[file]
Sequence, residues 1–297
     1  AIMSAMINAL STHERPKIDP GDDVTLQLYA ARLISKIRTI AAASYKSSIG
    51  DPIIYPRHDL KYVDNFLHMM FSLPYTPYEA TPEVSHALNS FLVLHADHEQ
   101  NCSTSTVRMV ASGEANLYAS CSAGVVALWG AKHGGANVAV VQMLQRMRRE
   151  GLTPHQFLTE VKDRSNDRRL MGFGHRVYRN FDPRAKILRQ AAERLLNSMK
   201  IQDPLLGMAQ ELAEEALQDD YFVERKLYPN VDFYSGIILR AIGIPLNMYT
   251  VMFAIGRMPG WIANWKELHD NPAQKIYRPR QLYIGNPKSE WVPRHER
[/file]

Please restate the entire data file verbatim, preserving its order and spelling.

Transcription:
Sequence, residues 1–297
     1  AIMSAMINAL STHERPKIDP GDDVTLQLYA ARLISKIRTI AAASYKSSIG
    51  DPIIYPRHDL KYVDNFLHMM FSLPYTPYEA TPEVSHALNS FLVLHADHEQ
   101  NCSTSTVRMV ASGEANLYAS CSAGVVALWG AKHGGANVAV VQMLQRMRRE
   151  GLTPHQFLTE VKDRSNDRRL MGFGHRVYRN FDPRAKILRQ AAERLLNSMK
   201  IQDPLLGMAQ ELAEEALQDD YFVERKLYPN VDFYSGIILR AIGIPLNMYT
   251  VMFAIGRMPG WIANWKELHD NPAQKIYRPR QLYIGNPKSE WVPRHER